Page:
Valid Anglican orders?

Valid Anglican orders?

Diogenes gives an extensive analysis of the current state of Anglican-Catholic relations in advance of the meeting between the Archbishop of Canterbury and the Pope this week.

But the reality is that, within this same post-Conciliar period of gestural benevolence, the Anglican communion has distanced itself from the Catholic Church and not moved closer to her. The doctrinal near-anarchy of Anglicanism makes reunion impossible of itself, and that anarchy has been institutionally consecrated by the ordination of women and contumacious impenitents (divorced and remarried persons, thinking Anglicans) to the priesthood and episcopacy. The point isn’t that these persons are more sinful in the aggregate than Catholic clergy; the point is that the Church couldn’t accept them as clergy without ipso facto ceasing to be the Catholic Church. Franklin’s rejoinder that the General Synod hasn’t actually wet the bed yet is such special pleading that it’s doubtful he believes it himself:

Most interesting is his observation that Rome did not simply rule Anglican orders to be invalid, across the board, but that ordinations according to the new Anglican rite were and are, and that some Anglican priests may actually be validly consecrating the Eucharist.

Just to make it clear: Apostolicae Curae did not rule on Anglican orders per se. It said that ordinations carried out according to the Anglican rite (ordinationes ritu Anglicano actas) are null and void. And in fact a number of Anglican clergy quietly concur with this judgment, having gotten themselves re-ordained by schismatic bishops with valid episcopal orders (often Old Catholics) using a valid rite. Others have taken care that their ordination be performed by an Anglican bishop who himself had orders recognized as valid and in conformity with Apostolicae Curae. That is to say, whereas all Anglican clergy are in schism by virtue of their being Anglican, some of them have valid orders—it’s a question of the apostolic pedigree of the ordaining bishop, and the matter and form of the sacrament—and validly confect the Eucharist.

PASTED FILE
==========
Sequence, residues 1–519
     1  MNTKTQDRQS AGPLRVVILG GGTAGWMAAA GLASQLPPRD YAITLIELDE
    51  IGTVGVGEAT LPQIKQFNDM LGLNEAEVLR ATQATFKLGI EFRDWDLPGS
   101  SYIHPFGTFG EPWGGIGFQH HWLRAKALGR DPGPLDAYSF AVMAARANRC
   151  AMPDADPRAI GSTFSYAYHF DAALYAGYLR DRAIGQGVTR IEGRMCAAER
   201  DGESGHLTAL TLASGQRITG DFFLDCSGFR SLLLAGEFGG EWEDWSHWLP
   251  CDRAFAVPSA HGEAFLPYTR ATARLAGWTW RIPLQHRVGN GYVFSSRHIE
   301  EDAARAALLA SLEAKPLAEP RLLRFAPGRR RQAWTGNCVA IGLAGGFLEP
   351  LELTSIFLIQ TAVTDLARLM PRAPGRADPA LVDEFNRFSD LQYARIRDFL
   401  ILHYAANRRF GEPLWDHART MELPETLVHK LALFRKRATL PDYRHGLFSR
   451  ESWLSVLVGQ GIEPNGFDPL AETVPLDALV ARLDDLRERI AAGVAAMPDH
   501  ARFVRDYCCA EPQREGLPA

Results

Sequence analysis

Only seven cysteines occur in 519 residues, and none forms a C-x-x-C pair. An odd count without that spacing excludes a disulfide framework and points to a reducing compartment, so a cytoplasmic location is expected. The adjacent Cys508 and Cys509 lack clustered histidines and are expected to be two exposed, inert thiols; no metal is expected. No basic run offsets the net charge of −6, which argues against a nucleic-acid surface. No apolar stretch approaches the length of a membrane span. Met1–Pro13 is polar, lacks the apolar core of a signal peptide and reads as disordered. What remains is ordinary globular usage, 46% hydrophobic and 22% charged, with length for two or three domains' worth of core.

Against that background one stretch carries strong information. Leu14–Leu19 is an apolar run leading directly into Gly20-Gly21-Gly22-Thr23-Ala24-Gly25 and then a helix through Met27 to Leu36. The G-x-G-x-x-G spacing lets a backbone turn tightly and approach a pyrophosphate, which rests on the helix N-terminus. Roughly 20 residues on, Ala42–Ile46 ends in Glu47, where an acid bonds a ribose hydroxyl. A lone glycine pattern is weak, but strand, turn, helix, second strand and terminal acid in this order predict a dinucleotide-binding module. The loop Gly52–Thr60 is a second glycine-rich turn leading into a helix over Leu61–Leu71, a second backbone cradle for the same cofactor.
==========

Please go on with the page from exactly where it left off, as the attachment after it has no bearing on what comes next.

They would still be outside of Communion, just like the Eastern Orthodox and its not easy to tell at a glance which ones this would apply to, but it’s interesting nonetheless.

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  • Anglican Bishop W has a pedigree. He “ordained” Rev. John the priesthood and Father John claims to have valid orders. But Bishop W. also “ordained” Rev. Joanna as well to the priesthood – or is it just the Anglican priesthood since women cannot be ordained? Just what did the good bishop intend to do when he laid hands on these two people and conferred the same office on them using the same words and possibly even at the same service? Not only that but ECLA pastors celebrate the eucharist in Bishop W.‘s churches. How could the validity of Father John’s orders ever be established with moral certainty?

    Any ecclesial community with a deliberately ambiguous theology of the eucharist and of orders simply can’t sustain the presumption of the validity of its orders on the basis of pedigrees alone because the intention of its ministers is never clear.

    Pope Leo definitively determined that the Anglican Communion had lost the apostolic succession. Some Anglicans may now have valid orders but establishing this in specific circumstances is impossible, practically speaking. Consequently, the potential validity of Anglican orders has no significance for reintegrating Anglicans into the Catholic Church.

  • Pope Leo definitively determined that the Anglican Communion had lost the apostolic succession.

    But that’s precisely Diogenes’ point. Pope Leo did not definitively determine any such thing. Ordinations carried out according to the Anglican rite are invalid.